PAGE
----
Fertilizing Techniques

How to Apply Granular Fertilizers

“Fertilizing techniques”, are the most important part you must know!! Apply granular fertilizer by broadcasting it either by hand or with a spreader. Using a hoe, spade fork, or rake work it into the top 4 to 6 inches of soil. Besides, you can also add little amounts to planting holes (be sure to mix it in with backfill soil) or to rows as you sow seeds. Also, the best way is to add water after you have applied fertilizer to help it leach down toward the plants’ root zones.

During the growing season, add supplemental fertilizer to the top inch of soil in crop rows, perennial beds, and around the drip line of trees or shrubs.

How to Apply Liquid Fertilizers

Fast-acting liquid fertilizers are typically applied biweekly during the growing season. They are best used for container plantings and annuals. With flowering and fruiting plants, foliar sprays are most useful during critical periods, such as after transplanting or during fruit set, or periods of drought or extreme temperatures. For leaf crops, some suppliers recommend biweekly spraying.

Foliar Spraying

Not only plant roots but also through leaf pores can absorb liquid fertilizers. When nutrients are lacking or unavailable in the soil or plant roots are stressed you can use foliar feeding to supply them. It is very effective in giving fast-growing plants like vegetables an additional boost during the growing season. Some foliar fertilizers, such as liquid seaweed (kelp), are rich in micronutrients and growth hormones. These foliar sprays improve nutrient uptake by plants. Seaweed extract and compost tea are two common examples of organic foliar fertilizers.

To apply, simply mix the foliar spray in the tank of a backpack sprayer or hand mister set to emit a fine spray, and spray all your plants at the same time. (Never use a sprayer that has been used to apply herbicides.)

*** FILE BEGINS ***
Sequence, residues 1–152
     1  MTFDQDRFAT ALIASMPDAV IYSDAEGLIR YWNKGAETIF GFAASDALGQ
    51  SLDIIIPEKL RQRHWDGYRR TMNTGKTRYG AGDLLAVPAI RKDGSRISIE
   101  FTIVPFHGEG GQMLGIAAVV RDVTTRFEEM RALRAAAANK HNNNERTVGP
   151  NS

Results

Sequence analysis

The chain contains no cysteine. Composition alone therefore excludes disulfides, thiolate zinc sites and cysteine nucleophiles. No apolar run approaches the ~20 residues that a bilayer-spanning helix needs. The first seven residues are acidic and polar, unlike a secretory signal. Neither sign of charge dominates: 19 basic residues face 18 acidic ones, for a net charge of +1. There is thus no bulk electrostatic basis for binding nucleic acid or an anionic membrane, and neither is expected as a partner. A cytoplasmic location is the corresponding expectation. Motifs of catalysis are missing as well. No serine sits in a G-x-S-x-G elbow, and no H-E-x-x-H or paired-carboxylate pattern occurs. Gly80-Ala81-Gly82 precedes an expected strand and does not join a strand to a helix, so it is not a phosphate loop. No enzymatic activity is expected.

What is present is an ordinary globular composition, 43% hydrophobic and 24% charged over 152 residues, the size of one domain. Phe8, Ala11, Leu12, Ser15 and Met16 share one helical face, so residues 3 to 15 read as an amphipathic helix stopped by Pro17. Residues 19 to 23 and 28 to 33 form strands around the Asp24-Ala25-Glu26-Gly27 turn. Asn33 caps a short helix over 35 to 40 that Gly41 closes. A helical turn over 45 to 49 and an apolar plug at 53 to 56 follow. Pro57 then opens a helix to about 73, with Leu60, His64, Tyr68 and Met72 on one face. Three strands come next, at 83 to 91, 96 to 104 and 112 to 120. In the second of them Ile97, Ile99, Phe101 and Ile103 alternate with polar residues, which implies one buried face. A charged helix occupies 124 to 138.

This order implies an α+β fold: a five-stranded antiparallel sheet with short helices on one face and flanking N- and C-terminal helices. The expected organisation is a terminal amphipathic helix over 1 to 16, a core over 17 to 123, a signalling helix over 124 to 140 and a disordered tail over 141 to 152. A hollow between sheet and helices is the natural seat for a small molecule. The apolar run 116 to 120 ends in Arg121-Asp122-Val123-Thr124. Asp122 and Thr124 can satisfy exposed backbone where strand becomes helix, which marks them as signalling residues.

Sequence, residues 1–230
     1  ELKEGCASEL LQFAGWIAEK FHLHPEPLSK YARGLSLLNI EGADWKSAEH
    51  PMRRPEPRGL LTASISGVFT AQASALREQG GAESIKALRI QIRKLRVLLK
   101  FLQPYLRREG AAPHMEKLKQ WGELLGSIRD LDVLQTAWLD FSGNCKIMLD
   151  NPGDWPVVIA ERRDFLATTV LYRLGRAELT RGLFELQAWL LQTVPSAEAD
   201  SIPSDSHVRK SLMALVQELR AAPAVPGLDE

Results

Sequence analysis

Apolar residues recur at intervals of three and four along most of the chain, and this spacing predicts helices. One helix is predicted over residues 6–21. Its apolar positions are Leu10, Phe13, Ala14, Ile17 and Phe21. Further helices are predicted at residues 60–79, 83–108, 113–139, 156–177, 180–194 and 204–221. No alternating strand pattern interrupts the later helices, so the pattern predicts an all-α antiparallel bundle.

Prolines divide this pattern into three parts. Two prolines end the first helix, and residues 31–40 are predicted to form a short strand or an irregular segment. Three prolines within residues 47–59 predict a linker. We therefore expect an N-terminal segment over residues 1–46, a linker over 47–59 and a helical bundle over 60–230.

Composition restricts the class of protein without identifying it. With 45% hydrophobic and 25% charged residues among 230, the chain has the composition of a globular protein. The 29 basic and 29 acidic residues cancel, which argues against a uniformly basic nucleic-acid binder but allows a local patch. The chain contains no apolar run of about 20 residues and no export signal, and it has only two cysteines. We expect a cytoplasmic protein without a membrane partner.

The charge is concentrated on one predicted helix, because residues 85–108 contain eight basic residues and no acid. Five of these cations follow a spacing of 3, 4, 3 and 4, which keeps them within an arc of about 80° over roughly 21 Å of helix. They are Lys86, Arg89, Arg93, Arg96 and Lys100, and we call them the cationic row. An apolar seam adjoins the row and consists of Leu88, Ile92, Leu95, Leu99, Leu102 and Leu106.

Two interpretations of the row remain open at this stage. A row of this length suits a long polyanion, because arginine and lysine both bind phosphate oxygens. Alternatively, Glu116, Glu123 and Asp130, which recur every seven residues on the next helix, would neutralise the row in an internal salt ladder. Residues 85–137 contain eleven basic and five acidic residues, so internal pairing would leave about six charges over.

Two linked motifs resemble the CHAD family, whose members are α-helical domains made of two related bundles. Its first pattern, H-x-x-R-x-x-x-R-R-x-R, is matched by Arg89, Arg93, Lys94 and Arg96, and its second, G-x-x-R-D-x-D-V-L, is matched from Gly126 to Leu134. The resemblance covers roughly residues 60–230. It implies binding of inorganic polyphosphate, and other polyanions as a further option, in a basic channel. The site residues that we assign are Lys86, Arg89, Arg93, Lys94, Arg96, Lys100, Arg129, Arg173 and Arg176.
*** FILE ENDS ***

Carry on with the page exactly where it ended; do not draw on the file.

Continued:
• Spray until the liquid drips off the leaves.
  • Furthermore, pays attention to spray on leaf undersides, where leaf pores are more likely to be open.
  • You can also add liquid fertilizers around the root zone.
  • However, it is best to have an irrigation system that can carry liquid fertilizers to your plants.
  • Especially kelp is a better product for this use, as fish emulsion can clog the irrigation emitters.

Tip: The best times to spray are early morning and early evening when the liquids will be absorbed most quickly and won’t burn foliage. Select a day when no rain is forecast and temperatures aren’t maximum.

COMPOST TEA

On the other hand, some gardeners prefer to use compost tea for fertilizing. Compost tea is a liquid produced by extracting

Beneficial microorganisms (microbes)—bacteria, fungi, protozoa, nematodes, and micro-arthropods from compost using a brewing process. A good condition compost tea contains all the organisms that were present in the compost before brewing.

How to Make Compost Tea

Generally, compost tea can be made with aeration or without it, and by adding supplemental nutrient sources like molasses to feed microbes or without them. For best results, aeration and supplements are recommended, and the right compost is critical.

Materials

• 19 l water (5-gallon bucket, filled let it sit for 24 hours to allow the chlorine to evaporate)

• One fish tank aerator

• One compost tea brewing bag (it should be large enough to hold 5 to 6 pounds of dry ingredients)

• 1 aquarium thermometer

Ingredients

• One large handful of compost

• One handful of garden soil

• Two Brew the tea for abo handfuls of straw

• One cup fish hydrolysate (pulverized fish, available at most garden centers)

• One cup of seaweed extract (available at most garden centers)

Instructions

First, put the first three ingredients into the tea bag, tie the bag tightly, and submerge it in the bucket of water. Next, add the fish hydrolysate and seaweed extract liquids directly to the water. Then lace the aerator in the bucket and turn it on. Remember to brew the tea for about 36 hours, monitoring temperature—the optimal temperature is between 68° and 72°F. You should dilute it to a 3 parts tea to 1 part water ratio before spraying. Fill a backpack sprayer. Afterward, spray early in the morning or late in the evening to avoid burning leaves in the midday sun.

Tip: There is no need to have a backpack sprayer, if not you can apply the tea to the soil using a gallon jug, and a spray bottle to mist the foliage.

Let’s know about “Sowing Seeds” in the next article.

Sowing Seeds.

Don’t miss the previous article.

How To Apply Organic Fertilizer And Why They Need.

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